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County Hall Corner: Viewers Guide to the Commissioners Meetings

I have made the best effort to make every Lycoming County Commissioners Meeting possible, but the recent snowstorms have housebound me more than I have liked. I have found it necessary to utilize the county’s videos of these meetings to keep informed. For the novice, watching these might be rather tedious, so I am providing

I have made the best effort to make every Lycoming County Commissioners Meeting possible, but the recent snowstorms have housebound me more than I have liked. I have found it necessary to utilize the county’s videos of these meetings to keep informed. For the novice, watching these might be rather tedious, so I am providing some guidelines that should help.

First, understand the camera is currently locked into one position, which is focused on the front table, typically having the solicitor, the three commissioners, and the administrative assistant. Since COVID, they rarely are all there. This means that they will be heard through a speaker. The camera angle also means that all those addressing the commissioners from the podium that is to the left and in front of the commissioners will not be in view of the camera. Only their voices will be heard.

This does present some problems because when department heads come to address the commissioners, they do not introduce themselves, which means that many times the viewer is not exactly sure who is speaking. Generally, they are speaking because an expenditure or issue that has arisen on the agenda pertains to their department. The names of these department heads can easily be found on the county’s website: lyco.org.

The meeting itself follows a very set agenda. It will open with Commissioner Board President Scott Metzger offering a prayer, followed by the Pledge of Allegiance. Commissioner Metzger will then ask the public if they have any comments on agenda items only. By law, no official action can be taken by a governing body that the public cannot comment on first. Of course, this would require that the public knows what is being presented. If they are there in person, they can pick up an agenda at the entrance, and it also can be accessed by going to the county’s website.

If a county resident wishes to comment, they go to the podium, identify themselves, and state their concern or support for a particular item on the agenda. The commissioners generally simply thank the individual and do not comment, which would come later in the agenda.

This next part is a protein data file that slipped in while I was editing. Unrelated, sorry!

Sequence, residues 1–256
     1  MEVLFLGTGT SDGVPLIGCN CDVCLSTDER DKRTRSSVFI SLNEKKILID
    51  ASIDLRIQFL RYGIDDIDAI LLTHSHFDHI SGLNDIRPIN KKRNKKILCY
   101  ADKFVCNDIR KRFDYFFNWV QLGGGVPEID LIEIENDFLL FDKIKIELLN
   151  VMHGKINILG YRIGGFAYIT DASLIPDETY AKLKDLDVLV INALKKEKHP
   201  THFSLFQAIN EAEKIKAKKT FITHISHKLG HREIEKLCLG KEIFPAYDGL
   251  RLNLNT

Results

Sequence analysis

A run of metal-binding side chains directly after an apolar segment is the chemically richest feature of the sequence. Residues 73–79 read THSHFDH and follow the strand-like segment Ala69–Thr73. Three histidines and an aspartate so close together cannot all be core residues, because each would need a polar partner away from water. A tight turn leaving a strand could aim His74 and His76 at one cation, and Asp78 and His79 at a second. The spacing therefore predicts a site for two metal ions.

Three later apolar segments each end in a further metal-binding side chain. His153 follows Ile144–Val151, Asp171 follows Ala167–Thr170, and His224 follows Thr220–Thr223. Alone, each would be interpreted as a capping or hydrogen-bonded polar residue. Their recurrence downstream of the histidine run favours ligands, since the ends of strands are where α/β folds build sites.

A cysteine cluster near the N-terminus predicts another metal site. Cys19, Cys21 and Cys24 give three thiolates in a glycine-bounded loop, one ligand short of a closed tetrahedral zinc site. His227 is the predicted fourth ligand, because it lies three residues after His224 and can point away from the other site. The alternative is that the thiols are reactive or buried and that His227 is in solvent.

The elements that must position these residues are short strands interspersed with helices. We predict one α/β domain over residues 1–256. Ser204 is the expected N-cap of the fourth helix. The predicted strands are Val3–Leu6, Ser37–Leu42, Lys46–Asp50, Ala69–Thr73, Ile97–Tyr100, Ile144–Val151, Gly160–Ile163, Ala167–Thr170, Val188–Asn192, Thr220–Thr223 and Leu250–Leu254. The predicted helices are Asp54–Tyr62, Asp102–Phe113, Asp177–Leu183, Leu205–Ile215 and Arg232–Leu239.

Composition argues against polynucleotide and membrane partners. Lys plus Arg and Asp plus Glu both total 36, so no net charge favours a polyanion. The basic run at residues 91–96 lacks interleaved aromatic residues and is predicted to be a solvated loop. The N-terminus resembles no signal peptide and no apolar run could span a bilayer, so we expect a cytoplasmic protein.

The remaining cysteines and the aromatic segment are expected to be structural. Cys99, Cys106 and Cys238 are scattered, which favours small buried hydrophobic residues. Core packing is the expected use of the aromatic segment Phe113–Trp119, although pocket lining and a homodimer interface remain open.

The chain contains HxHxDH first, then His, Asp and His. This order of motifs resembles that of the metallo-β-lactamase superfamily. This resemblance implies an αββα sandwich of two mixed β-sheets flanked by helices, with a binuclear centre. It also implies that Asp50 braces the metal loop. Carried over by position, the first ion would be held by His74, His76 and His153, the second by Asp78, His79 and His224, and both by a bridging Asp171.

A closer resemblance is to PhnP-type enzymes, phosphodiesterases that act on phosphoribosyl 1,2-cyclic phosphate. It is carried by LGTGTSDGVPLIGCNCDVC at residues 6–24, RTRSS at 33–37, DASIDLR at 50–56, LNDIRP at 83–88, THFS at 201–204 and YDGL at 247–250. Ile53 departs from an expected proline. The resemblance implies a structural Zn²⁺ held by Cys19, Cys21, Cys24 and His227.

Before COVID, there were often recognition ceremonies that followed, but since March 2020, these are sadly fewer and farther between. Public servants that were receiving ten/twenty/thirty-year pins or retirement were surrounded by their colleagues as they were recognized. Also, various causes had their ‘weeks’ or ‘months’ recognized that brought to the public attention many worthwhile causes. Hopefully, those features will return someday.

What generally follows next would be bid openings, if there are any. These are quite anticlimactic as that is all that happens – the bids are opened, and the vendor and the amounts are quoted. No action is taken immediately, as these need to be reviewed extensively by the Chief Procurement Officer, Mya Toon. The actual purchase would then come up at a later meeting as an agenda item.

These agenda items are what most of the meeting revolves around, termed ‘action items.’ The commissioners generally are granting the expenditures or initiatives of the various offices. Almost all of the groundwork for these decisions were made in meetings and conferences with the departments. This is why these ‘official action’ discussions and decisions almost seem rehearsed (which in some ways they are), but it is for a reason. The commissioners really and truly want the public to know that due diligence has been done on these areas for funding sources or anything else that can help save tax dollars.

When all these administrative matters are covered, the fun begins. This is the time for “commissioner comments,” and these could be on anything at all. More times than not, there will be comments on the comments between the three men. These discussions are often quite lively and make it worth the suffering through an hour of mundane matters that preceded them.

And last but not least are ‘public comments.’ When these are in person, it is generally because the individual has a really serious concern that they want to get off their chest. More often than not, with COVID, the public texts their concerns to the commissioners. The commissioners respond in some way or another, to the person’s satisfaction with the concern and sometimes not.

Go to the lyco.org website, and the first icon on the left is “Commissioner Meetings” with the symbol of a camera. Click on it, sit down with your popcorn, and enjoy the show.

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